Ben Derbyshire writes for BD online
Cut-throat fee competition among architects is both a perennial complaint and a self-inflicted wound.
But to wait in hope for a return to mandatory fee scales or protection of function is to wait in vain while the realpolitik leaves you far behind. You cannot, and nor should you, try to buck the competition. Instead, we must work together to do something effective to improve the outcomes of the procurement process – halting and reversing the race to the bottom.
I have long argued that our task as professionals is to restore value to our relationship with society, and our clients, by demonstrably adding more value to the outcomes that they seek through our work.
To a very great extent this is a task for us – ensuring our offer is relevant, researching and disseminating knowledge, learning to use the new technologies and skilling up to better manage risk. Risk management is fundamentally at the heart of any professional relationship.
Meanwhile we have been thrown a lifeline, which we should reach out and grasp for its ability to haul us back from the murky depths. Architects assert that our holistic design-based education sets us apart in a world where everyone now calls themselves “professional”. The Social Value Act of 2012 gives us the opportunity to prove it.
We are not quite yet where we need to be in relation to this shift in the world of procurement, but we should encourage and support those who are trying to get there – not for our benefit, but to improve the value of investment to deliver improved social outcomes. If you agree that design quality is essentially about delivering well-being – that aesthetic delight is a part, but only a part of this – I hope you will join the clamour for change.
We are fortunate in having some indomitable champions for this campaign. Ann Bentley, author of the Construction Industry Council report Procuring for Value, is tireless in pointing out that procurement criteria which score in favour of capital cost are guilty of basing critical choices on a tiny fraction of the costs of overall ownership. Further, CIC argues for outcome-based procurement in which wider benchmarks than cost alone are used to make choices, and test effectiveness.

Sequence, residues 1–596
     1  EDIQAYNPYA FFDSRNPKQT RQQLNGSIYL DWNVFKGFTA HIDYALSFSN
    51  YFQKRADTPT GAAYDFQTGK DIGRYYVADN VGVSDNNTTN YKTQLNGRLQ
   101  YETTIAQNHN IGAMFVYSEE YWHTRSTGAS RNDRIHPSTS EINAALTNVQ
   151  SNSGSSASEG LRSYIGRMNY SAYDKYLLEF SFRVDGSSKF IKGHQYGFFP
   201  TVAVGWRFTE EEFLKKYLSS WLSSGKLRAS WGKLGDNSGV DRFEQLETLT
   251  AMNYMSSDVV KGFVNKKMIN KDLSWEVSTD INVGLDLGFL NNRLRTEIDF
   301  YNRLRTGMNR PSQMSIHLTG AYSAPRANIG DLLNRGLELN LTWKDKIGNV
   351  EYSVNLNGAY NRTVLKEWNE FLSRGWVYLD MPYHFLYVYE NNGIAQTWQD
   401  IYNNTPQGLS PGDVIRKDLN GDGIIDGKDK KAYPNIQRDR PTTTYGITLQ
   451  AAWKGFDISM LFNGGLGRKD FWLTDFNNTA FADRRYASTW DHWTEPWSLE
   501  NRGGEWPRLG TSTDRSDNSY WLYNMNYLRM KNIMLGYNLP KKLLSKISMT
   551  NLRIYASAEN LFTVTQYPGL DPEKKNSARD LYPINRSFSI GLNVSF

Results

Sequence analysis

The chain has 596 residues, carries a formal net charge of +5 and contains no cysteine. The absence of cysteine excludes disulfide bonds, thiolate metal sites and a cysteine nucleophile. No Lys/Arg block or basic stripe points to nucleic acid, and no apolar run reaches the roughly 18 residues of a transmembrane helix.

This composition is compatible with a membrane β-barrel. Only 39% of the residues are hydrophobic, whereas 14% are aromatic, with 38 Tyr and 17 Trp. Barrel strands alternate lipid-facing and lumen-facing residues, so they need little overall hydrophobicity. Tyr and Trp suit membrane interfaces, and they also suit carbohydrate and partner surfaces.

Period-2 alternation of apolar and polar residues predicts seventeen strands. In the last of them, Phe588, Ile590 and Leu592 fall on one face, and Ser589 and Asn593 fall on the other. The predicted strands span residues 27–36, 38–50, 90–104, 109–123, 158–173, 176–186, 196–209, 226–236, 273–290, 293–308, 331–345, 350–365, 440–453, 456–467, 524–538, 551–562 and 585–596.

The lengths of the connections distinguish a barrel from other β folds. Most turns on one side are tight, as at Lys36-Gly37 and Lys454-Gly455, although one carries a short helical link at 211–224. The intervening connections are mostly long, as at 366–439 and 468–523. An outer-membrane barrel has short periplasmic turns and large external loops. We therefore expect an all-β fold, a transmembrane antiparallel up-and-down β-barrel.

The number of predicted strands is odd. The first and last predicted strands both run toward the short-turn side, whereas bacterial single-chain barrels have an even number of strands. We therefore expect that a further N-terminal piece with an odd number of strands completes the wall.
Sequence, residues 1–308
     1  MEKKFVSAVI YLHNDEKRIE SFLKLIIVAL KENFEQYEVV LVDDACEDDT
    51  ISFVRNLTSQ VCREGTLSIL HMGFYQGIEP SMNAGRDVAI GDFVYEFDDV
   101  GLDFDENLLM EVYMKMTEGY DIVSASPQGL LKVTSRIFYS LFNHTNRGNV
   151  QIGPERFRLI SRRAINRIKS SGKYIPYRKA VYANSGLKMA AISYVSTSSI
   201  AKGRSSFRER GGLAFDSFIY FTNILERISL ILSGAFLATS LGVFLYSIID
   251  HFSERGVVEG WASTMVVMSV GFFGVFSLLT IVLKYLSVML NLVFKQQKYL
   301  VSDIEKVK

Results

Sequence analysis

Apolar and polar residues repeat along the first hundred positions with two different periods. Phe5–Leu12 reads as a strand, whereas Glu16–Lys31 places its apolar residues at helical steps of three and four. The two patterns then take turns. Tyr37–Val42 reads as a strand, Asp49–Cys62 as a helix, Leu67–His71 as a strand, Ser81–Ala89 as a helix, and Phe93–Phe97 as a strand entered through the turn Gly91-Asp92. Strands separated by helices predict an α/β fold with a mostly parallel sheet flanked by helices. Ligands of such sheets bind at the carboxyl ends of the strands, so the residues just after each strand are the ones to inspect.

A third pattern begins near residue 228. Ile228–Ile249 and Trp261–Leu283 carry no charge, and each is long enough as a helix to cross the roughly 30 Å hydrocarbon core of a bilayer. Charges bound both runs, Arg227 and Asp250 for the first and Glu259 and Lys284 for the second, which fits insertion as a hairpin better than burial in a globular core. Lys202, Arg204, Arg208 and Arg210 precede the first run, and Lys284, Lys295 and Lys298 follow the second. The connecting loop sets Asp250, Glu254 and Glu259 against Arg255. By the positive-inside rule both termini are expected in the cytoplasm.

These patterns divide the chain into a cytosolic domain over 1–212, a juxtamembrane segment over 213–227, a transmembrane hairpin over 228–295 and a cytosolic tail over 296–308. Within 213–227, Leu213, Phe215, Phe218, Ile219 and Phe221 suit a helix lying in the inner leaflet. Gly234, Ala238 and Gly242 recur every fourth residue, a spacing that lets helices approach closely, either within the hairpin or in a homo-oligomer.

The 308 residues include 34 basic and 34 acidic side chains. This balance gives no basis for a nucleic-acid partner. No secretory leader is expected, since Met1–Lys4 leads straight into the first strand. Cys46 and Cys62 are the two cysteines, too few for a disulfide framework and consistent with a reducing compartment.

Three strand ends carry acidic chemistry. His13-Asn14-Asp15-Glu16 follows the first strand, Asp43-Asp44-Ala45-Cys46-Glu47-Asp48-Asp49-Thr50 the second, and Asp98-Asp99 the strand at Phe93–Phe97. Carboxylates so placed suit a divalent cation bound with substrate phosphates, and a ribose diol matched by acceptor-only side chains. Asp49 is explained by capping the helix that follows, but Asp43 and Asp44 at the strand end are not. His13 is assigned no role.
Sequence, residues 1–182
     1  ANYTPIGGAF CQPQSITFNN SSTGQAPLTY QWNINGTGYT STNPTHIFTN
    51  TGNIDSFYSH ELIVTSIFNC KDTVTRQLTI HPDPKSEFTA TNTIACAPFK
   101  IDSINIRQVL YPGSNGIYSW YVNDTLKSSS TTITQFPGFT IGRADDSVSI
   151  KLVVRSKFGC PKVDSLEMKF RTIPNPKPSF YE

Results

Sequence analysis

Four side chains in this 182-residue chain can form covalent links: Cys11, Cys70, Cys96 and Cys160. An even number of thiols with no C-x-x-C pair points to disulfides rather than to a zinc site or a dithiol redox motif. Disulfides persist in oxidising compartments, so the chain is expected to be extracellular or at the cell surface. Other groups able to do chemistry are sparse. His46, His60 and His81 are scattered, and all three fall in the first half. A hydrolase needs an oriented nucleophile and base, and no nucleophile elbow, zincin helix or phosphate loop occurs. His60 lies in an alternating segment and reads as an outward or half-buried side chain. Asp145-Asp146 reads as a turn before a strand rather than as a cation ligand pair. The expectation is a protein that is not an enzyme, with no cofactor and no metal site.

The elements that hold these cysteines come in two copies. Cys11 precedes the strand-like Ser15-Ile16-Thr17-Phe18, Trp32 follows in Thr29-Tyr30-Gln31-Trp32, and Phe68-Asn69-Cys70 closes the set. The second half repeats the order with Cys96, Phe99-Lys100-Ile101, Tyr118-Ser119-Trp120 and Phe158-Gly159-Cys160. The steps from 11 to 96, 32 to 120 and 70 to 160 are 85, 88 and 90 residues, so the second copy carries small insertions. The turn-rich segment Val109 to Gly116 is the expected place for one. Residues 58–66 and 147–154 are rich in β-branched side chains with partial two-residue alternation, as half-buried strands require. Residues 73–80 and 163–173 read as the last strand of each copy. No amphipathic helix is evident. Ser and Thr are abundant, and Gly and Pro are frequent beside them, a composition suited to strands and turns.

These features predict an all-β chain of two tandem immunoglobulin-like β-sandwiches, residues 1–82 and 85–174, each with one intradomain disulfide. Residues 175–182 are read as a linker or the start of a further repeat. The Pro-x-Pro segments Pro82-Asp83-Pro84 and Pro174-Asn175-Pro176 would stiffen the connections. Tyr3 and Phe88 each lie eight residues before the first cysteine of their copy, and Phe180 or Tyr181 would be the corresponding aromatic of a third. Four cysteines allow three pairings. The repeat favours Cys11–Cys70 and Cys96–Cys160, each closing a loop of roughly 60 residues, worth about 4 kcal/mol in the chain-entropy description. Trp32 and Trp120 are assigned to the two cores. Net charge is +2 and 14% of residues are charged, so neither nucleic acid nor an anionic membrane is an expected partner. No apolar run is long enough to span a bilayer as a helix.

Julie Hirigoyen, in the UK Green Building Council guide, Social Value in New Development, argues powerfully that these outcome measures should include value beyond social benefits imparted during the construction phase alone, to include social, economic and environmental benefits to occupants and community through the life of development.
Grabbing this lifeline requires the professions to get serious about predicting and assessing performance. Too few possess the techniques or display the behaviour necessary to make a convincing case. That is why RIBA’s Climate Challenge 2030 is limited to readily available measures of energy and water consumption, and embodied carbon. We must massively improve on the pitifully modest proportion of professionals and projects which benefit from serious attempts at the performance feedback loop. We must learn to walk before we can run.
In due course, I am sure we will settle on widely accepted measures of social outcomes. When we do, we will finally be on an upward spiral, where interdisciplinary collaboration will be a prerequisite of a new ethical professionalism and where measures of social value will sustain the proposition that our contribution to building a better built environment, building a better society, has been underrated.
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